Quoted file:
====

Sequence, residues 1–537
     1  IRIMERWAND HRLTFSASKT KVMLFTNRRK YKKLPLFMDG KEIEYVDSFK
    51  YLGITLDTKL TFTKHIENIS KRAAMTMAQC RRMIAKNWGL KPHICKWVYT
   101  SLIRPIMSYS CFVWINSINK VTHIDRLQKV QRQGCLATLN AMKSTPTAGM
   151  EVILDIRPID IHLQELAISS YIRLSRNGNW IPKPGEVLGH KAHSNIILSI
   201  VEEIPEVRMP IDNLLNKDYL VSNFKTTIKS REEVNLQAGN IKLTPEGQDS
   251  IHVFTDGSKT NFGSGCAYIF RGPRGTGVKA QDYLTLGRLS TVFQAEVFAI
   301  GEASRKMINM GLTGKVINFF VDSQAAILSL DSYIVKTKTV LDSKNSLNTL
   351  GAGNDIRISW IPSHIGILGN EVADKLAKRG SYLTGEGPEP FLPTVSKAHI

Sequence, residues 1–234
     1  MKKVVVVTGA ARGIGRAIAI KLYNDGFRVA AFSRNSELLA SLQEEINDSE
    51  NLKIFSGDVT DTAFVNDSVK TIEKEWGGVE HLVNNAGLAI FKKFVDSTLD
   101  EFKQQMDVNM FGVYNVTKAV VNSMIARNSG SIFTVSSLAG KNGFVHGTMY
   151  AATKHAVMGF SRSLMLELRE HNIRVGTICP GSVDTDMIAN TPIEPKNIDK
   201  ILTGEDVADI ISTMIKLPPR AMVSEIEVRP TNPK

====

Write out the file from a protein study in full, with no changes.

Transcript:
Sequence, residues 1–537
     1  IRIMERWAND HRLTFSASKT KVMLFTNRRK YKKLPLFMDG KEIEYVDSFK
    51  YLGITLDTKL TFTKHIENIS KRAAMTMAQC RRMIAKNWGL KPHICKWVYT
   101  SLIRPIMSYS CFVWINSINK VTHIDRLQKV QRQGCLATLN AMKSTPTAGM
   151  EVILDIRPID IHLQELAISS YIRLSRNGNW IPKPGEVLGH KAHSNIILSI
   201  VEEIPEVRMP IDNLLNKDYL VSNFKTTIKS REEVNLQAGN IKLTPEGQDS
   251  IHVFTDGSKT NFGSGCAYIF RGPRGTGVKA QDYLTLGRLS TVFQAEVFAI
   301  GEASRKMINM GLTGKVINFF VDSQAAILSL DSYIVKTKTV LDSKNSLNTL
   351  GAGNDIRISW IPSHIGILGN EVADKLAKRG SYLTGEGPEP FLPTVSKAHI

Sequence, residues 1–234
     1  MKKVVVVTGA ARGIGRAIAI KLYNDGFRVA AFSRNSELLA SLQEEINDSE
    51  NLKIFSGDVT DTAFVNDSVK TIEKEWGGVE HLVNNAGLAI FKKFVDSTLD
   101  EFKQQMDVNM FGVYNVTKAV VNSMIARNSG SIFTVSSLAG KNGFVHGTMY
   151  AATKHAVMGF SRSLMLELRE HNIRVGTICP GSVDTDMIAN TPIEPKNIDK
   201  ILTGEDVADI ISTMIKLPPR AMVSEIEVRP TNPK